By Niels Van Hove, Mental Toughness Coach & Supply Chain Consultant
Integrated Business Planning (IBP) is often seen as a natural progression from Sales and Operations Planning (S&OP), which came to life in the 80’s to align sales and operations. As S&OP found its origin in the supply chain, IBP is often biased with supply chain terminology and reasoning. It can be argued that current IBP development is still driven by a supply chain bias. With this lack of diverse thinking, IBP innovation runs the risk of being not truly ‘integrated’.
Contrary to most current defined maturity phases of IBP one can find on the internet, we also can define IBP maturity phases from a more strategic angle. Many experts agree that IBP has a monthly check and balance with the budget and the strategic intentions of a business. Therefore, a well executed IBP cycle will provide monthly visibility and measures progress against business objectives and strategy in the long term horizon. Furthermore, we can say that a business strategy and the required strategic resources and capabilities have the goal to get a company closer to its vision.
According to Collins and Porras a company vision exists from its core values, core purpose, a BHAG (big, hairy, audacious goal) and a vivid description. The core purpose is the reason for being; it captures the soul of the organization. Where you can fulfill a strategy, you can’t fulfill a purpose. Core values define what the company stands for. A company will stick to them, even if it became a competitive disadvantage in certain situations. Well defined, integrated and truly lived, purpose and values will drive companywide behavior. Imbedded company behaviors will drive a sustainable company culture, which will last over time. A well-defined achievable BHAG with a vivid description provides employees with an envisioned future they can identify with and which creates an emotional attachment, which makes them go the extra mile. As CEO Bob McDonald says on the emotional component and innovation at P&G; ‘People will innovate for financial gain or for competitive advantage, but this can be self-limiting, there is a need for an emotional component as well – a source of inspiration that motivates people‘.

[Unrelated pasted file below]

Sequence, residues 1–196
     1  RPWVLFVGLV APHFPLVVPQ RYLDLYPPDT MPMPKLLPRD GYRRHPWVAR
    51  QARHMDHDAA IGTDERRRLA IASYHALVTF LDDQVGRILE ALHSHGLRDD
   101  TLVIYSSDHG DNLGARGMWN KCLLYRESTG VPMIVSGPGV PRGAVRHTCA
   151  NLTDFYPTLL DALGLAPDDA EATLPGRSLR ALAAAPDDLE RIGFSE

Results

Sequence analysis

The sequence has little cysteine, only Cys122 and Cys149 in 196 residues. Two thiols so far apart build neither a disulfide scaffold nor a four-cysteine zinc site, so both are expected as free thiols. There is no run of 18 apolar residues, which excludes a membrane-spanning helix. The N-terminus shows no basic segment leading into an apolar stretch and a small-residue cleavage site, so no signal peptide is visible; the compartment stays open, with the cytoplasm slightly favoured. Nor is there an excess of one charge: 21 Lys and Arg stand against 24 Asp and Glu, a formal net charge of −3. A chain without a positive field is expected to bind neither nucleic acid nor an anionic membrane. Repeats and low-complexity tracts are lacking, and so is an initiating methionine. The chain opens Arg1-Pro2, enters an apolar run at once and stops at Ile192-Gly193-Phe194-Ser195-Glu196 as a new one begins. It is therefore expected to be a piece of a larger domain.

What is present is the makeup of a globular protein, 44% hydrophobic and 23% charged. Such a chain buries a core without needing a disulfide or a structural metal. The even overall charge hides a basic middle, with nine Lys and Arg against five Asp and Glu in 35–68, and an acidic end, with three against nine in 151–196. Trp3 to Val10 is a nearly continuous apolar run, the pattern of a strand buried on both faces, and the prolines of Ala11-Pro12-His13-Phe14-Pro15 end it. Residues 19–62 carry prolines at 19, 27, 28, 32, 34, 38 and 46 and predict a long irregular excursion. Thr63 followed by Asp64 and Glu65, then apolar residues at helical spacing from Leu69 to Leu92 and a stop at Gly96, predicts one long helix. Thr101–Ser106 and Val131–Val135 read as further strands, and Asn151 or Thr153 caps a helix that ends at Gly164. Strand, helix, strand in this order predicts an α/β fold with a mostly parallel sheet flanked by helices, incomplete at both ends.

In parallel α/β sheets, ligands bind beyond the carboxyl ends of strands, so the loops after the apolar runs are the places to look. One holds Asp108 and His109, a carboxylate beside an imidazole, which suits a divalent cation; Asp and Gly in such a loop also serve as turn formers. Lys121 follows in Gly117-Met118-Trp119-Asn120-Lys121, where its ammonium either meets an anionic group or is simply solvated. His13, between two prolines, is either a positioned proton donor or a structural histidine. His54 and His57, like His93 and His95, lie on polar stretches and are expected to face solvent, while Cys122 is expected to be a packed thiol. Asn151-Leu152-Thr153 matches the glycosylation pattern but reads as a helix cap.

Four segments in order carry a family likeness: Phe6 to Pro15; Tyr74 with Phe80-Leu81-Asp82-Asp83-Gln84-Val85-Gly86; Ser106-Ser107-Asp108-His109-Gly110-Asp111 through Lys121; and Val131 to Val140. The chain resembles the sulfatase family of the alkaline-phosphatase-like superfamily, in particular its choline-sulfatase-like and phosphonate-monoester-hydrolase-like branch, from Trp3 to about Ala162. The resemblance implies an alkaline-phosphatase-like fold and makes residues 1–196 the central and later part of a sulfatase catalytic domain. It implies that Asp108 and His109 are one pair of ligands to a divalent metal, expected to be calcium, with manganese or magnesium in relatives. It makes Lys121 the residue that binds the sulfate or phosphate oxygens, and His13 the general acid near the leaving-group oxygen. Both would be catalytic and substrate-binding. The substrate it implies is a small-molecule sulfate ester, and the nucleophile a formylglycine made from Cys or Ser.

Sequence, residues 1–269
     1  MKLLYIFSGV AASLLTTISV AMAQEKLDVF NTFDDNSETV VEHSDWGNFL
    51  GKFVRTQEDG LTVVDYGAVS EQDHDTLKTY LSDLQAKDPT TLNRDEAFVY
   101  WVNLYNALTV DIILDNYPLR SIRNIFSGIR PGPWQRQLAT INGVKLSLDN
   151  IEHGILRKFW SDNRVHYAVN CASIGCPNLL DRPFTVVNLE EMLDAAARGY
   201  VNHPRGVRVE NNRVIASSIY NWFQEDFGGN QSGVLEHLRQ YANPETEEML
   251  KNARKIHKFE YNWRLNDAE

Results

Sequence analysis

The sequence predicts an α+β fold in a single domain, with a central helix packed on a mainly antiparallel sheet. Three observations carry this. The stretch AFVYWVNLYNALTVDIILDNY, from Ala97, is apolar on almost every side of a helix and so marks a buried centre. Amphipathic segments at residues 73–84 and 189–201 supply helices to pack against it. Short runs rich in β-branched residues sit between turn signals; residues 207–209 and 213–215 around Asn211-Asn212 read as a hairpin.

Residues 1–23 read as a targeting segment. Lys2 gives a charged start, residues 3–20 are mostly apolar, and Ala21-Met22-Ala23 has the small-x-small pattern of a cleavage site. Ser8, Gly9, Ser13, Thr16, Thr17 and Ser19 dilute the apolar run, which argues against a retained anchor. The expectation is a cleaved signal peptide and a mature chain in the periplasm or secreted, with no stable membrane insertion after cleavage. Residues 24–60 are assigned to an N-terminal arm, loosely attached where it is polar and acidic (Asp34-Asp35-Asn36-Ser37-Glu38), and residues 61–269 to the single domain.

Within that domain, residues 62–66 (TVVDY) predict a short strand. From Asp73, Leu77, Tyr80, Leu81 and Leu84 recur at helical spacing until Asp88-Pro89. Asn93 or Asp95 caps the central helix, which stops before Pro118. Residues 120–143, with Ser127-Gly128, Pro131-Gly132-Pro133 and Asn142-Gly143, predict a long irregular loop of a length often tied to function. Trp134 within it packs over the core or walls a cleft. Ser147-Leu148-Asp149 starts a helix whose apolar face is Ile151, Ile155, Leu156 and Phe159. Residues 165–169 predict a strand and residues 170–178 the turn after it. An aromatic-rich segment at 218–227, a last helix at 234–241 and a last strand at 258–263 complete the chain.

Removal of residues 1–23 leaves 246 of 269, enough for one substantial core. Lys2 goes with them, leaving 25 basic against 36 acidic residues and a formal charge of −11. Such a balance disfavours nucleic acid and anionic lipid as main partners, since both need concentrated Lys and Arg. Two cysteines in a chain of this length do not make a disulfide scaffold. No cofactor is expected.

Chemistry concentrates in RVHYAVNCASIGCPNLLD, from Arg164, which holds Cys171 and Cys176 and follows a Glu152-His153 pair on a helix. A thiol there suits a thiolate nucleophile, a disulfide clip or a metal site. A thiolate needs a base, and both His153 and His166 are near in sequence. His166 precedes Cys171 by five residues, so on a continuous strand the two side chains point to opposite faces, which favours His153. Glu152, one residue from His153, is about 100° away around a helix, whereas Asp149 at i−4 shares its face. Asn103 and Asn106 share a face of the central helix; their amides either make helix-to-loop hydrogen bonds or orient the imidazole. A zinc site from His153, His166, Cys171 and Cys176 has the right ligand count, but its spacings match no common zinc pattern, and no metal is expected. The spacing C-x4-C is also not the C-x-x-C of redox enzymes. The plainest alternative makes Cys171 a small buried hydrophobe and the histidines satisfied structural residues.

If a company wants to track its budget and strategy and we use this vision framework and IBP as the planning process to support the business, IBP can be defined with the following maturity phases:
In this phase, companies start to focus on integrated planning between previously siloed functional areas. Some functions are more advanced than others. A company might have focused on state of the art finance processes and systems, but doesn’t reap the full benefits of that due to lack of integration of other functional areas into the finance process. Some integration exists, but not across all functional area’s and there is not enough integration with finance to make a monthly financial prediction on EBIT level in the long term horizon. S&OP as most define it will be in this phase.
In this phase, enough functional areas plan in an integrated way for the process to provide their input to the P&L to create a fully loaded forward projected P&L. Finance understands the ‘volume’ input and the other functional areas understand the financial ‘value’ planning. This will provide the company visibility on how it is tracking versus the budget or annual operating plan on a monthly basis on EBIT level. Why EBIT level? Because I heard too many times in a boardroom the argument, when only gross profit was on the table; ‘we can’t decide on this because we don’t have EBIT a number’. We can also expect these companies to deliver monthly balance sheet and cash flow prediction. For these companies, there is no separate budgeting or forecasting cycle. Every month can be the budgeting cycle. Dynamic indicates that opportunity and risk scenarios across all functional areas are integrated into the financial projection.